Feb 24, 2007

"Freedom is just another word for nothing left to lose"

- Kris Kristofferson (made famous by Janis Joplin)

The current generation gap is predicated on the expectation of privacy, or rather the lack thereof, according Emily Nussbaum in her New York Magazine article: Kids, the Internet, and the End of Privacy: The Greatest Generation Gap Since Rock and Roll

Kids today. They have no sense of shame. They have no sense of privacy. They are show-offs, fame whores, pornographic little loons who post their diaries, their phone numbers, their stupid poetry—for God’s sake, their dirty photos!—online.

She's got a good point, if you approach the social software world with the idea that you can't hide anything (no matter how hard you try) then you might as well hide nothing. That attitude allows a greater sense of freedom when posting blog entries and joining social networks.

So imagine today's teens becoming 30-somethings and the impact their attitude will have on business. Today's "collaboration enthusiasts" will no longer be "reminding" users to "link rather than attach". And, gasp, e-mail may eventually become passe? (One can only hope). It'll be the old-time "e-mailers" clutching to their PIM devices and personalized tools that will be the ones calling the help desk and recreating the Medieval Tech Support scenario circa 2015.

Still, I suspect that I'm going to be one of those privacy nuts holding out to the end ("compared to the scoll, it takes longer to turn the pages of a book"). I know that as much as I like to share, I also like to hoard, locally. Something I learned as a descendant of the cold war and most likely can only be explained in Jungian terms. The pack rats of the future will store their "stuff" in accessible places (public and corporate networks) and on someone else's dime. Free comes with a price, less privacy. But if you have no expectation of privacy in the first place then the price isn't so high. And if the users are OK with it, then social software and collaboration are just a matter of habit.

Source: Kids, the Internet, and the End of Privacy: The Greatest Generation Gap Since Rock and Roll -- New York Magazine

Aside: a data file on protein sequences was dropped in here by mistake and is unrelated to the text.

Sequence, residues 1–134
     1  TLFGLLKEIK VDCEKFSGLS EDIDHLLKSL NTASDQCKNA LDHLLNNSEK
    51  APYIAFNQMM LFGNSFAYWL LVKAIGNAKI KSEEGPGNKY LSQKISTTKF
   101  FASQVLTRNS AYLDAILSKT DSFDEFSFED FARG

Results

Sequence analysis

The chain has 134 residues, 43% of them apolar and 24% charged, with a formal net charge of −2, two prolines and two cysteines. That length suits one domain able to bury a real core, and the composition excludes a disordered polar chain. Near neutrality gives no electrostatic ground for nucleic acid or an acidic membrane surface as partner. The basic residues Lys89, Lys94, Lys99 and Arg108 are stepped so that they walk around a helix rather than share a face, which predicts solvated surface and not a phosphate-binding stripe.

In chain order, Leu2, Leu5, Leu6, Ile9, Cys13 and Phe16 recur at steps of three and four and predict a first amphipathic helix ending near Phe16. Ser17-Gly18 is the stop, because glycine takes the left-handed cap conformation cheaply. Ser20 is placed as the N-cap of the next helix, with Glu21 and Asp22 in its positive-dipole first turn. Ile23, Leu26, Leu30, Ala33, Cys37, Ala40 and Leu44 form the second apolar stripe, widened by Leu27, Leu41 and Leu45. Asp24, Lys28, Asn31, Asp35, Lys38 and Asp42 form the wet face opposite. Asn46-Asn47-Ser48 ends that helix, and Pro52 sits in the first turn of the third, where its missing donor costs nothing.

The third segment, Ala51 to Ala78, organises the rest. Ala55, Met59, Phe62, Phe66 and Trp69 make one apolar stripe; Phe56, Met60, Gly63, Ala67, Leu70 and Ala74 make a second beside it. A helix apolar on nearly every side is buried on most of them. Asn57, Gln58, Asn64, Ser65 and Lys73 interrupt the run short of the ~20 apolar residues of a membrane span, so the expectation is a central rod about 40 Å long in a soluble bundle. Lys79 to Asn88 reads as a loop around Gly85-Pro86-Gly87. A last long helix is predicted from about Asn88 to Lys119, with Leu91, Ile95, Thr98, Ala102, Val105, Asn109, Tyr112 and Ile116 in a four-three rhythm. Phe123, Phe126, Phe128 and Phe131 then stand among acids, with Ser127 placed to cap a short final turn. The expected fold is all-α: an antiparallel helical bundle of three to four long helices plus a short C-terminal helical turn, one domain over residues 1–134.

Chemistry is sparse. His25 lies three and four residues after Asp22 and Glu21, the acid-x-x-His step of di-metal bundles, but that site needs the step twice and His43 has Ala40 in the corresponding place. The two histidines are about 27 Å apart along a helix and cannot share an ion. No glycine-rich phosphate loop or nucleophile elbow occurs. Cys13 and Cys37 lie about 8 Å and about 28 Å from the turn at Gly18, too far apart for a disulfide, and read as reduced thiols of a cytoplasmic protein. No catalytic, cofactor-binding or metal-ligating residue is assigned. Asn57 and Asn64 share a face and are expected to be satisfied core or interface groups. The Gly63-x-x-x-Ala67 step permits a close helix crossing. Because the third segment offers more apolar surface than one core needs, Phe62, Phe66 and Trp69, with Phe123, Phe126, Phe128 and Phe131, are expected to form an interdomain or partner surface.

Feb 20, 2007

Bridging the "Air Gap"

I was catching up on some reading over the holiday weekend and found this article, Open-Source Spying, from the New York Times to be very relevant to enterprises today. When you think about the nature of enterprise information today being spread across the organization and repositories, then all organizations are faced with similar challenges that the intelligence agencies in the article face.

Several years ago I had worked on a project for a government agency that was trying to solve the issue of sharing information with outside organizations. The "air gap" was real, enforced by a "sneaker net" and very strict security measures. However, the team I was working with recognized the need to share information and bridge the gap in safe and legal ways. The answer then is the same answer now, although now we have "Web  2.0" technologies and terminology to describe it.

In the project we essentially we used a back-end platform that supported sharing and distribution of content, provided security/authentication services, and delivered content to browsers. We created web-applications that were basically portals that assisted users to access information that was being created 24/7 by different departments. Departmental information was maintained in a sub-portal site that aggregated department content for searching and viewing documents. Each department had their own customized forms for creating compound documents that queried for meta-information regarding the status and purpose of the information. The general concept was that any authorized user could modify status documents, much like a wiki, since status reports were entered/updated at regular intervals throughout a 24 hour period. We also used a structured tagging (or categorization) mechanism that allowed users to classify information. These tags were used to filter information for distribution to different agencies and partners. 

The resulting system altered the way work was done. Gone were the early morning briefings that were plagued with overhead issues and stale information. E-mail traffic (internal and external) was reduced significantly freeing up valuable bandwidth. Information that previously was not available was securely being shared and status reporting was a snap.

What's so interesting about the project isn't the technology that it was built on but rather it used mechanisms that are now part and parcel of "Web 2.0", now called portals, wikis, tags, and blogs.

Feb 12, 2007

And you thought Notes URLs were Insane

I got this link to a SharePoint page the other day (deliberately obfuscated for your protection):


I suppose it all means something to someone

Feb 5, 2007

Web 2.0 ... The Machine is Us/ing Us

A well done visual representation of what I get* to think about every day!

*In my world that's "most excellent"

[va vowe.net]